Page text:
When you picture a heart attack, what do you see? Chances are, something like a scene depicted in countless movies and television shows: a man clutching his chest, his face contorted in pain as he crumples to the ground.
Certainly, in that scenario, even an untrained observer would think "heart attack!" Unfortunately, not all heart attacks present so obviously, and their symptoms may be missed. Mounting evidence suggests that heart attack signs are even more likely to be missed in women than in men.
The symptoms of a heart attack can be different in women than in men; in fact, 40% of women experience no pain when having a heart attack. But even when they are experiencing symptoms, many women may be hesitant to seek treatment, sometimes because they've been treated dismissively in the past.
Women, particularly younger women, are far more likely than men to be misdiagnosed when they present with symptoms of a heart attack. The New England Journal of Medicine studied more than 10,000 patients, 48% of whom were female, who presented at hospital emergency rooms with symptoms of heart attack, sometimes including chest pain. Investigation revealed that women younger than 55 were seven times more likely to be misdiagnosed than males. Being sent home from the emergency department rather than admitted for observation doubled the risk of dying, so this is a significant problem.
Misdiagnosis of heart attacks in women can happen for a number of reasons. One is a tendency of doctors (and specialists like cardiologists in particular) to exhibit certainty where it may not be warranted. Experienced specialists, in other words, may come to place too much emphasis on their store of clinical knowledge, and not enough emphasis on the variability of human biology. That variability includes differences between men and women in how heart attacks present.
Even when women present with so-called "textbook" heart attack symptoms, though, they are often not treated the same as men who present with those symptoms. A recent study published in the Journal of the American Heart Association concluded:
Women presenting with cardiac arrest are less likely than male patients to undergo therapeutic procedures, including coronary angiography, percutaneous coronary interventions and targeted temperature management. Despite trends in improving survival after cardiac arrest over 10 years, women continue to have higher in‐hospital mortality when compared with men.
(L Kim et al. Sex‐Based Disparities in Incidence, Treatment, and Outcomes of Cardiac Arrest in the United States, 2003–2012. J Am Heart Assoc. 2016; 5: e003704 originally published June 22, 2016 doi: 10.1161/JAHA.116.003704)
There are also many stories of women whose doctors dismissed them as being overdramatic or hysterical, and failed to thoroughly investigate their reported symptoms. When doctors fail to follow diagnostic and treatment protocols that a reasonable doctor would follow, leading to misdiagnosis of a heart attack, they may be liable for medical malpractice.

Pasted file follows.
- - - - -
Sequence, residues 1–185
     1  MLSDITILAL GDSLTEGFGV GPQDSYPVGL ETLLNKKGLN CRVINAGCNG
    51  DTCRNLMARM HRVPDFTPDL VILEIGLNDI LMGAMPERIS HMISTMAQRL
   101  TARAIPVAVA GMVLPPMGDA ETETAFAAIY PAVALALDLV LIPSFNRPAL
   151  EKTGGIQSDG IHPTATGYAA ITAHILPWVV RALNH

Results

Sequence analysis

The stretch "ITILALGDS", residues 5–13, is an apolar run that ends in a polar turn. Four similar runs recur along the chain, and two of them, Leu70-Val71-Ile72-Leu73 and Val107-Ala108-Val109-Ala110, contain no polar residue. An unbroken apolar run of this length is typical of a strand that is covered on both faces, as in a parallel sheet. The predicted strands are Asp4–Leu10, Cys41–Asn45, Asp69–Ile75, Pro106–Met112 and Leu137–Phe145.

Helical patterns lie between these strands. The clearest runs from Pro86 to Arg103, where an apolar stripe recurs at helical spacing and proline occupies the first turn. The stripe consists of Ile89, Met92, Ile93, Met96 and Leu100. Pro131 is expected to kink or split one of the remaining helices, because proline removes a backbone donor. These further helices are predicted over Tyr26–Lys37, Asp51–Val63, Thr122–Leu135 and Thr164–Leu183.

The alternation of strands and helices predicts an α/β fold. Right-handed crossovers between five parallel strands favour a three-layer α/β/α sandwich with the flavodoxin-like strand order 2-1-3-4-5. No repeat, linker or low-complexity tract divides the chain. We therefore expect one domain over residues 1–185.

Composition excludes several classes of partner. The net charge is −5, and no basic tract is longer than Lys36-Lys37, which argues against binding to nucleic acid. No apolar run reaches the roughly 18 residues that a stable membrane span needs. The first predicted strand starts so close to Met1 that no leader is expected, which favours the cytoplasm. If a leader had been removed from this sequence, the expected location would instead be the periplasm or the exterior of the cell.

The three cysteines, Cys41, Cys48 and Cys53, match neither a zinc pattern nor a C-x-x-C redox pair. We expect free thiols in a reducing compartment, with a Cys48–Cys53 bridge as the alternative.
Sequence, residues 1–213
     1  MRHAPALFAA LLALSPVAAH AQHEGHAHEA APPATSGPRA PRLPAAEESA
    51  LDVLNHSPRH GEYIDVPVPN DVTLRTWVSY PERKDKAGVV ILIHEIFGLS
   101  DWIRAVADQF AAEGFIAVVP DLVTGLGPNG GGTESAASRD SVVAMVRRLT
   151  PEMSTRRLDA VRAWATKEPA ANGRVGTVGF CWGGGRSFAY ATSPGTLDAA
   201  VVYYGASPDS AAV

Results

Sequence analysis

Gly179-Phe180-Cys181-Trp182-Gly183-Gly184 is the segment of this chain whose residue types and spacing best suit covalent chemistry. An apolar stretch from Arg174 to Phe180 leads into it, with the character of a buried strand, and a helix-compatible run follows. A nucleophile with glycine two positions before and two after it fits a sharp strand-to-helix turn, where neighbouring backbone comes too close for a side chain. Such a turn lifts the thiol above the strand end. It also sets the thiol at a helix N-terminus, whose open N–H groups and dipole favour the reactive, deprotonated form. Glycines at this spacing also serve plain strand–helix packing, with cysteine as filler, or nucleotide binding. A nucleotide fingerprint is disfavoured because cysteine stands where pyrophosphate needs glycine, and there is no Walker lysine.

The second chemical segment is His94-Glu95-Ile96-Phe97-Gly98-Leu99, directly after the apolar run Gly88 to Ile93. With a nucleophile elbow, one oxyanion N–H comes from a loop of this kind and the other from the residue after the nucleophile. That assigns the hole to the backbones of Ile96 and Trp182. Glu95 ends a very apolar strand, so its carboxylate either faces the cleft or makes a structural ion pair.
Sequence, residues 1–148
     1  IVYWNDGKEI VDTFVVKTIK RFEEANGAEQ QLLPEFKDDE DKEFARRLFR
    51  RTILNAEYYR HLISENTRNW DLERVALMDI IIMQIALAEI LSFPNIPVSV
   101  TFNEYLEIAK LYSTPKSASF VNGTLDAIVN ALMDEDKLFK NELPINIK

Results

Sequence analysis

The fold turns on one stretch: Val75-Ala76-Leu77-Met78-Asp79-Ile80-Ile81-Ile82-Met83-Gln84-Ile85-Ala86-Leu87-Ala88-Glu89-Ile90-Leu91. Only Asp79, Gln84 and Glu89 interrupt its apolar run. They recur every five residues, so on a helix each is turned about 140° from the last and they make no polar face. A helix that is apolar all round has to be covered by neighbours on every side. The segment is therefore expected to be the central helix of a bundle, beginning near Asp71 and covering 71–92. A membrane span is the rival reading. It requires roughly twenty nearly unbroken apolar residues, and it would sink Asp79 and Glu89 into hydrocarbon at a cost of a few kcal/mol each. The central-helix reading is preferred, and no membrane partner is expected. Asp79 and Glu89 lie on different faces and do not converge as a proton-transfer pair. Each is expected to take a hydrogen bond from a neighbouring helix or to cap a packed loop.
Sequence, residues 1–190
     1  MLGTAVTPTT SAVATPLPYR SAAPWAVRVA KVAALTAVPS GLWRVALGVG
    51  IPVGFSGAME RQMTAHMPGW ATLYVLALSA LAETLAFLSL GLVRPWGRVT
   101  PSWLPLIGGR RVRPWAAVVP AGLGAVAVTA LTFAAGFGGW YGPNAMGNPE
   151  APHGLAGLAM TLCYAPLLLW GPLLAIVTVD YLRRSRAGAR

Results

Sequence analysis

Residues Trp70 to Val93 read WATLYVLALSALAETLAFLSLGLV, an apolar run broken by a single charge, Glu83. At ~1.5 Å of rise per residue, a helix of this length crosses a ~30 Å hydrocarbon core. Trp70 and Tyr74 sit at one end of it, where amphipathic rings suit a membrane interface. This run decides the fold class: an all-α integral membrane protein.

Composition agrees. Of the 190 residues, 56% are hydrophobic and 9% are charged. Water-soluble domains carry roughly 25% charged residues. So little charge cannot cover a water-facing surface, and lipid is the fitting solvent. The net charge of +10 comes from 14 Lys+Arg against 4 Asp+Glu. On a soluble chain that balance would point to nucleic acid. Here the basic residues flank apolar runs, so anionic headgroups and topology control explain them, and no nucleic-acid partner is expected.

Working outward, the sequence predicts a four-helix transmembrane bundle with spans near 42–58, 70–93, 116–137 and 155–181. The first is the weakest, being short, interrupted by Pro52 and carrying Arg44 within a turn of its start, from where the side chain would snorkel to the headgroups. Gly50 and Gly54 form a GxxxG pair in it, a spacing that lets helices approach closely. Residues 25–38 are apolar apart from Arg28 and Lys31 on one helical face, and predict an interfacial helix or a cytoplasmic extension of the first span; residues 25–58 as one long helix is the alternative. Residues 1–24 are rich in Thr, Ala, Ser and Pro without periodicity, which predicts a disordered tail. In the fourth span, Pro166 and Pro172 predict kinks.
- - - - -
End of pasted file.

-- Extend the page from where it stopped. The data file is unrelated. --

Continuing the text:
Not every missed diagnosis is malpractice. The only way to know is to investigate. An experienced Oregon medical malpractice attorney can assess whether a physician failed to act as a reasonable doctor in the same circumstance would have, and if any harm that followed stemmed from that failure. An ethical attorney will never encourage you to pursue a case that doesn't have merit.
If you suspect that you might have been the victim of malpractice, you have only a limited time to pursue any damages to which you may be entitled, so don't delay in consulting an attorney who understands medical malpractice law.
We invite you to contact Huegli Fraser if you believe that your doctor failed to diagnose your heart attack, or if you are the family member of a woman whose heart attack was not diagnosed in time.. We will listen to the facts of your case, help you understand how Oregon medical malpractice law applies in your situation, review your options with you, and guide you through the best course of action.
The information in this blog post is provided for informational purposes only and is not intended to be legal advice. You should not make a decision whether or not to contact a qualified medical malpractice attorney based upon the information in this blog post. No attorney-client relationship is formed nor should any such relationship be implied. If you require legal advice, please consult with a competent medical malpractice attorney licensed to practice in your jurisdiction.
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